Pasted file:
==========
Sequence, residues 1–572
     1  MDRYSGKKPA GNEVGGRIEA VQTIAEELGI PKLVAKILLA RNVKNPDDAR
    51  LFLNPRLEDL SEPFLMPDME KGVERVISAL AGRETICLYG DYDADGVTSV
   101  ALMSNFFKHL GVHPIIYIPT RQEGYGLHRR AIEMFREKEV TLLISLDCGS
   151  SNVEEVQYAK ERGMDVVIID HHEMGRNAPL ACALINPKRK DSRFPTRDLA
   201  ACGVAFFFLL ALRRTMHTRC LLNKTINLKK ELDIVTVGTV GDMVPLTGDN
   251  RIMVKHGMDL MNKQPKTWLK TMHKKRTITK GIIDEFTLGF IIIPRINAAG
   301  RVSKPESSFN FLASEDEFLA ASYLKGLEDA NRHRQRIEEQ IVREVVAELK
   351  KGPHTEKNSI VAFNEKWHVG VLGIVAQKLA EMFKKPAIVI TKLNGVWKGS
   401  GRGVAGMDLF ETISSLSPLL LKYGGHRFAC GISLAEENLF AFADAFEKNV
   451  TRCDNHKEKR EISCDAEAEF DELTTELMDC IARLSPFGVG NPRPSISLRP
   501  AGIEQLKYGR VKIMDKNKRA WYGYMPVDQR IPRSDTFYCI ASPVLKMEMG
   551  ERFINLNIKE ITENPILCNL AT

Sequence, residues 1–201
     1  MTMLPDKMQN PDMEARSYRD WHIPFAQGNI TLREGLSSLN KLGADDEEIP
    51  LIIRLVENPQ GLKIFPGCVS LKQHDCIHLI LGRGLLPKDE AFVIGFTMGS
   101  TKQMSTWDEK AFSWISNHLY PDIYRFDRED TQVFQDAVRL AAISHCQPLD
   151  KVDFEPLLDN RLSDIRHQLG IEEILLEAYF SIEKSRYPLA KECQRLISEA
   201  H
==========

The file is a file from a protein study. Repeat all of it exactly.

Sequence, residues 1–572
     1  MDRYSGKKPA GNEVGGRIEA VQTIAEELGI PKLVAKILLA RNVKNPDDAR
    51  LFLNPRLEDL SEPFLMPDME KGVERVISAL AGRETICLYG DYDADGVTSV
   101  ALMSNFFKHL GVHPIIYIPT RQEGYGLHRR AIEMFREKEV TLLISLDCGS
   151  SNVEEVQYAK ERGMDVVIID HHEMGRNAPL ACALINPKRK DSRFPTRDLA
   201  ACGVAFFFLL ALRRTMHTRC LLNKTINLKK ELDIVTVGTV GDMVPLTGDN
   251  RIMVKHGMDL MNKQPKTWLK TMHKKRTITK GIIDEFTLGF IIIPRINAAG
   301  RVSKPESSFN FLASEDEFLA ASYLKGLEDA NRHRQRIEEQ IVREVVAELK
   351  KGPHTEKNSI VAFNEKWHVG VLGIVAQKLA EMFKKPAIVI TKLNGVWKGS
   401  GRGVAGMDLF ETISSLSPLL LKYGGHRFAC GISLAEENLF AFADAFEKNV
   451  TRCDNHKEKR EISCDAEAEF DELTTELMDC IARLSPFGVG NPRPSISLRP
   501  AGIEQLKYGR VKIMDKNKRA WYGYMPVDQR IPRSDTFYCI ASPVLKMEMG
   551  ERFINLNIKE ITENPILCNL AT

Sequence, residues 1–201
     1  MTMLPDKMQN PDMEARSYRD WHIPFAQGNI TLREGLSSLN KLGADDEEIP
    51  LIIRLVENPQ GLKIFPGCVS LKQHDCIHLI LGRGLLPKDE AFVIGFTMGS
   101  TKQMSTWDEK AFSWISNHLY PDIYRFDRED TQVFQDAVRL AAISHCQPLD
   151  KVDFEPLLDN RLSDIRHQLG IEEILLEAYF SIEKSRYPLA KECQRLISEA
   201  H